The decision making processes at the UN in and of itself is complicated in satisfying the wants and needs of everyone. But the respect and recognition I saw at the UN gave everyone a voice and allowed for processes, no matter how arduous and complicated, to follow in an efficient manner. Respect and recognition meant it wasn’t necessary to have time consuming conversation and confusion about a people or their hardships since problems are formally acknowledged. By knowing a person's culture the best method for a solution can be made a bit more efficiently; that is, there is the ability to know what will or will not work based on history.

Sanniyah (second from left) with fellow URI trip participants and URI Director of Global Programs Alice Swett (second from right). 

Sanniyah (second from left) with fellow URI trip participants and URI Director of Global Programs Alice Swett (second from right).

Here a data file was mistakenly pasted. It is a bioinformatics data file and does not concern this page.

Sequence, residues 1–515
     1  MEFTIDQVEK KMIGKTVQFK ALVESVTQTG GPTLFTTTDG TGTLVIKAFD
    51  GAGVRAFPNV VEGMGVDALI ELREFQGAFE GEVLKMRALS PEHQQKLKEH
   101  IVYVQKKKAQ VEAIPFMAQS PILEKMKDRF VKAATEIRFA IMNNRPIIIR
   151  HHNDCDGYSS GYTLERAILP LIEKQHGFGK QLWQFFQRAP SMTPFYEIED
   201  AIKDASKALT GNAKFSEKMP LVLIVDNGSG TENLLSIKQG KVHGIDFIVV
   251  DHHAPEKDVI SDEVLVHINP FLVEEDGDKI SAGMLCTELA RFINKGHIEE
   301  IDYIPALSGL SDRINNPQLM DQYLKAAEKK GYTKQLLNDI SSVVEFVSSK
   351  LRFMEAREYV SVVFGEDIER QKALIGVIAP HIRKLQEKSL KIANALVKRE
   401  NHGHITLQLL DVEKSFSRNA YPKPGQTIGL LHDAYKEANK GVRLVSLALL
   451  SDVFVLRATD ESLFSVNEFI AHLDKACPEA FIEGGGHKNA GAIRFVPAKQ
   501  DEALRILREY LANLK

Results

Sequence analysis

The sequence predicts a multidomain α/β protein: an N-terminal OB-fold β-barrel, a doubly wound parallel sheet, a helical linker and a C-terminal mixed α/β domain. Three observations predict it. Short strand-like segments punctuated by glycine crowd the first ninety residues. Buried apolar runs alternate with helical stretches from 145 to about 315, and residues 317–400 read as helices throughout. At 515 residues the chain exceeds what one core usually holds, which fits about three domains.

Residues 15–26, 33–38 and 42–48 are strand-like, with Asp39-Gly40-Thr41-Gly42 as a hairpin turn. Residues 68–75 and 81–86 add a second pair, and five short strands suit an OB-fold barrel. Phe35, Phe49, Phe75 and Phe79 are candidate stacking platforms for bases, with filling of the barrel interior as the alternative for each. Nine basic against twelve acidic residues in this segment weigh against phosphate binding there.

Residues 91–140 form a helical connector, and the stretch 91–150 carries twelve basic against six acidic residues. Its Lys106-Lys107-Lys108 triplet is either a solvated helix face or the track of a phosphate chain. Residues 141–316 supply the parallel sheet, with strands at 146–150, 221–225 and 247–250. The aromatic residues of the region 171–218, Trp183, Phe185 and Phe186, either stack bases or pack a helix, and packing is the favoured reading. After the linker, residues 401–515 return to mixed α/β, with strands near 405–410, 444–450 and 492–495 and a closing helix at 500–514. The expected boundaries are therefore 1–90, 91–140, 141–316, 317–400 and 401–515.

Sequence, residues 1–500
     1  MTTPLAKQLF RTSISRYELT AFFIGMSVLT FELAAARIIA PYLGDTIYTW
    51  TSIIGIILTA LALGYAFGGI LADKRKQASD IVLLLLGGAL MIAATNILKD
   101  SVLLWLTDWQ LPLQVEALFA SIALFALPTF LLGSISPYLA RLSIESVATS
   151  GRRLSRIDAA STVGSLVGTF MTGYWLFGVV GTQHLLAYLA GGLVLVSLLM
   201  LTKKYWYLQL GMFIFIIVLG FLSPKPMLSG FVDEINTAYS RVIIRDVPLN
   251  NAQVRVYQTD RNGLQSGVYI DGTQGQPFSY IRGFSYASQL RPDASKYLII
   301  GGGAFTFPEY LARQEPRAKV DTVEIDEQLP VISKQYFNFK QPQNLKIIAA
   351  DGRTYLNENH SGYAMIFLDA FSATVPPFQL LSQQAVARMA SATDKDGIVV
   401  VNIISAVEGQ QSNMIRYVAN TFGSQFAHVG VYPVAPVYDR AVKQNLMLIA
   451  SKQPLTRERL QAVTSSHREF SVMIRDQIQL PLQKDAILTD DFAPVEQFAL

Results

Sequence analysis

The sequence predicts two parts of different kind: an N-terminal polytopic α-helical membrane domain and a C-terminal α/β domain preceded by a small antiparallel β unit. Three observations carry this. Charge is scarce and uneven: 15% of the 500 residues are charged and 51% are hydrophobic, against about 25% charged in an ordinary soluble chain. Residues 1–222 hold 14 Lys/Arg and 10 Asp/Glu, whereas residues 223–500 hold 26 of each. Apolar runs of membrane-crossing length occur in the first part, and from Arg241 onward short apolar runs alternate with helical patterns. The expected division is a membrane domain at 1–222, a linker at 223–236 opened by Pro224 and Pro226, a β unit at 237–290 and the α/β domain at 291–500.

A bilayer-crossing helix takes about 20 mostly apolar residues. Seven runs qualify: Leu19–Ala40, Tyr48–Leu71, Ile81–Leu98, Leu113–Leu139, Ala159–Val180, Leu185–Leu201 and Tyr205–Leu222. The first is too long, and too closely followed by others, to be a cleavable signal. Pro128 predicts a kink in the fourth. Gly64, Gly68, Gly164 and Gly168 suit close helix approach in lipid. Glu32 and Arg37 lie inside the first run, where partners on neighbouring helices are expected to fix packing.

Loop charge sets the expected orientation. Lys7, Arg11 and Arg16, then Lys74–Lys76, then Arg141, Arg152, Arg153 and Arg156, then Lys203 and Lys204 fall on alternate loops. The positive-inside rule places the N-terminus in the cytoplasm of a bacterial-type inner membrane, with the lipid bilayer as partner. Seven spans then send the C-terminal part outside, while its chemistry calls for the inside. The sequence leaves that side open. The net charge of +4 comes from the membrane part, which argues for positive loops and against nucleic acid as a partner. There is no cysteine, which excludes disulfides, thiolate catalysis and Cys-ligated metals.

What was it like to meet members from other URI Cooperation Circles? 

To meet with the members from other Cooperation Circles of the URI was encouraging and inspiring. Meeting them gave me the chance to witness the values of my Cooperation Circle, Camp Anytown Las Vegas, to fight for equality, inclusivity, and diversity but in a different way. It was really cool to sit down and have deep discussions on how each of us worked and strove for a common goal. Hope and faith are my biggest takeaway words that come to mind when I think back to meeting with and spending time with, Richa from Think Round Inc and Kendra from the Arizona Interfaith Movement. It was heartening to see that the work that I do with Anytown, and the values I place in it do not just stop in Vegas. From meeting them I was able to find relief, knowing that elsewhere others are fighting for a better world like I am. Too often the world does not acknowledge the good work that people do in their communities to uplift and create change for the better of everyone and rather people like to control the media through a negative paradigm, only seeing the bad or what needs to be changed or what needs to be done. With the bad of each news report or story I think there needs to be an outreach to recognize the good of what’s being done as well.